Are you voting for Canada's Digital Future?


ICYMI: Yesterday marked the 2-year anniversary of Edward Snowden's revelations on NSA spying. 

Article by Edward Snowden for The New York Times

MOSCOW — TWO years ago today, three journalists and I worked nervously in a Hong Kong hotel room, waiting to see how the world would react to the revelation that the National Security Agency had been making records of nearly every phone call in the United States. In the days that followed, those journalists and others published documents revealing that democratic governments had been monitoring the private activities of ordinary citizens who had done nothing wrong.

Big win! Paraguayan data retention law #Pyraweb was rejected and achieved. This comes a few days after OpenMedia signed an open letter with more than 60 organizations urging the Senate to repeal it. 

Article by EFF

On Thursday morning, the Paraguayan Senate defeated a mandatory data retention bill that would have compelled local ISPs to retain communications and location details of every user for a period of 12 months.

A version of this article by our Meghan Sali was originally published at Common Ground and Rabble.ca 

One of the big promises we were made about the Internet was its potential to revolutionize the way that we interact with the world around us. The Internet enables us to transcend our physical restrictions and travel the world; it allows us to access and ingest research, art, culture and knowledge that would have in the past been stored in libraries and other physical archives, inaccessible to many.

Modernizing copyright laws in Europe is like solving a riddle, when so many of us are no longer only consumers but also creators, editors, publishers, and also, criminals. 
Learn more below about how copyright law works in the digital age and tell decision makers to vote against this link censorship scheme now: SaveTheLink.org

Two years after Edward Snowden's disclosures, today the Senate passed the most significant surveillance reform in decades. However experts caution that the Bill is fundamentally flawed - so we still have a long way to go to stop mass surveillance and win back our privacy rights.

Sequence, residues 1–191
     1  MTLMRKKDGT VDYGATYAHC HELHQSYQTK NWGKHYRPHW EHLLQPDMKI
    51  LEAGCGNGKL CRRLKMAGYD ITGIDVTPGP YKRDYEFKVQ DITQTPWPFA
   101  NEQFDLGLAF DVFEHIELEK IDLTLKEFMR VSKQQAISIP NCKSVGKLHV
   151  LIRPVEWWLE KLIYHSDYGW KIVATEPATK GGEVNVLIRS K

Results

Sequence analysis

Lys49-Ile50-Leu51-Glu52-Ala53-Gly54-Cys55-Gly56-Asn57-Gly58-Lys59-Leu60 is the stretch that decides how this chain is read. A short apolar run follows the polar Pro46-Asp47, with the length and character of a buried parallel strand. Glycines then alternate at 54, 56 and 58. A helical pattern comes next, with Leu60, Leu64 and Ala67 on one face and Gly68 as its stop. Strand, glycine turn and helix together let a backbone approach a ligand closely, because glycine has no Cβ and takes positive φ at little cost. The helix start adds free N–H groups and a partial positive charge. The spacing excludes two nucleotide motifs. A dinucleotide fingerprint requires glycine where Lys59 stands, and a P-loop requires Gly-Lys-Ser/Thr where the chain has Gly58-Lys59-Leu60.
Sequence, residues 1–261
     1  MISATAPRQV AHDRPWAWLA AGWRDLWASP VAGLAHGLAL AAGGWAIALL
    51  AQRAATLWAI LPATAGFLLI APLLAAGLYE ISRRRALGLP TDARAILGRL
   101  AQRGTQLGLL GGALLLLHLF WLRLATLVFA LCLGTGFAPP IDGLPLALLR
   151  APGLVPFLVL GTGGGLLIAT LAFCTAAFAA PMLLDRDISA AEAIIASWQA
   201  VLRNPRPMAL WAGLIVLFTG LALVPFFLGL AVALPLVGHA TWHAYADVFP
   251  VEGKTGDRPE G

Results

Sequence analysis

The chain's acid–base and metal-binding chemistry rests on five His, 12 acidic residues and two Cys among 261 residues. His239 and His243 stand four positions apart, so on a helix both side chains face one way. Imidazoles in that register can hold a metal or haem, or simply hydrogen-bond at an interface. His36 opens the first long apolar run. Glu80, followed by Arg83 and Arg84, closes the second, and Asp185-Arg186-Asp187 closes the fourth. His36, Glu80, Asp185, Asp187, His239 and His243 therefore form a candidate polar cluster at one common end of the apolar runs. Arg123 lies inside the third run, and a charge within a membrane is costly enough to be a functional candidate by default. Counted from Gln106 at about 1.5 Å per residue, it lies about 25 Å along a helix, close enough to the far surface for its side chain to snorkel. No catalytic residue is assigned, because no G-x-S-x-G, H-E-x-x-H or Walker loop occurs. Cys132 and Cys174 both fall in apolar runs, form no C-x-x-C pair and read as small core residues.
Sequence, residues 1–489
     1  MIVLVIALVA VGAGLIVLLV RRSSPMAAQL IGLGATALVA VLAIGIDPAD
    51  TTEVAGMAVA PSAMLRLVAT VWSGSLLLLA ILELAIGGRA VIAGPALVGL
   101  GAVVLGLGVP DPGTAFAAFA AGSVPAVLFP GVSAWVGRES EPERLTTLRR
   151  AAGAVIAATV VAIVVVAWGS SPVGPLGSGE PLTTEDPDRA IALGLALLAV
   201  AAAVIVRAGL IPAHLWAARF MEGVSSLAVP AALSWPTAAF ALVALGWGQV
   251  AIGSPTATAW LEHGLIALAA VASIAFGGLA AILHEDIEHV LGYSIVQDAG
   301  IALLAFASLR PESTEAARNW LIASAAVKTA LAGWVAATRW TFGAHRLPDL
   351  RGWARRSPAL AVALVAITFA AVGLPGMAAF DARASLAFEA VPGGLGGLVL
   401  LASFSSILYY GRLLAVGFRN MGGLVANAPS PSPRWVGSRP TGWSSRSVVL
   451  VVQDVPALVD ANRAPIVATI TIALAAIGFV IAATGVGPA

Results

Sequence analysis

Article by Sabrina Siddiqui for The Guardian

The US Senate on Tuesday passed a bill that would end the bulk collection of millions of Americans’ phone records, the most significant surveillance reform for decades and a direct result of NSA whistleblower Edward Snowden’s revelations to the Guardian two years ago.

Rules affecting the net should not be made in secret. Speak out about secretive, internet-censoring Trans-Pacific Partnership (TPP) at StoptheSecrecy.net

Article by Meghan DeMaria for The Week

In a statement released Tuesday, WikiLeaks announced that it is offering a crowd-sourced $100,000 reward for the "missing chapters" of President Obama's Trans-Pacific Partnership (TPP) deal.

One man's revelations stirred a national debate about government surveillance. A debate that ended up sweeping U.S. surveillance powers. 

Article by Dan Roberts and Ben Jacobs

Sweeping US surveillance powers, enjoyed by the National Security Agency since the aftermath of the 2001 terrorist attacks, shut down at midnight after a dramatic Senate showdown in which even the NSA’s biggest supporters conceded that substantial reforms were inevitable.

A new report from the United Nations has underlined the importance of encryption and anonymity in the digital age. Penned by a UN special rapporteur on freedom of expression, the document underlines the importance of private communications and calls on member states to protect their use under law.

Article by Techdirt

Zuckerberg’s fake Internet.org puts privacy, security and the freedom of expression of internet users at risk. Speak out at NoFakeInternet.org

Article by Adnan Ahmad Chaudhri for Digital Rights Foundation 

On May 28th, Telenor Pakistan (a wholly-owned subsidiary of the Norwegian telecommunications Telenor Group) formally announced that it had partnered with Facebook on the latter’s Internet.org initiative.

The TPP is NOT a trade agreement, so let's not call it at such. Speak out if you are against global Internet censorship at StopTheSecrecy.net

This is a message to activists trying to fight the Trans-Pacific Partnership (TPP). Stop calling the TPP a “trade” agreement. TPP is a corporate/investor rights agreement, not a trade agreement. Trade is a good thing; TPP is not. Every time you use the word trade in association with the TPP, you are helping the other side.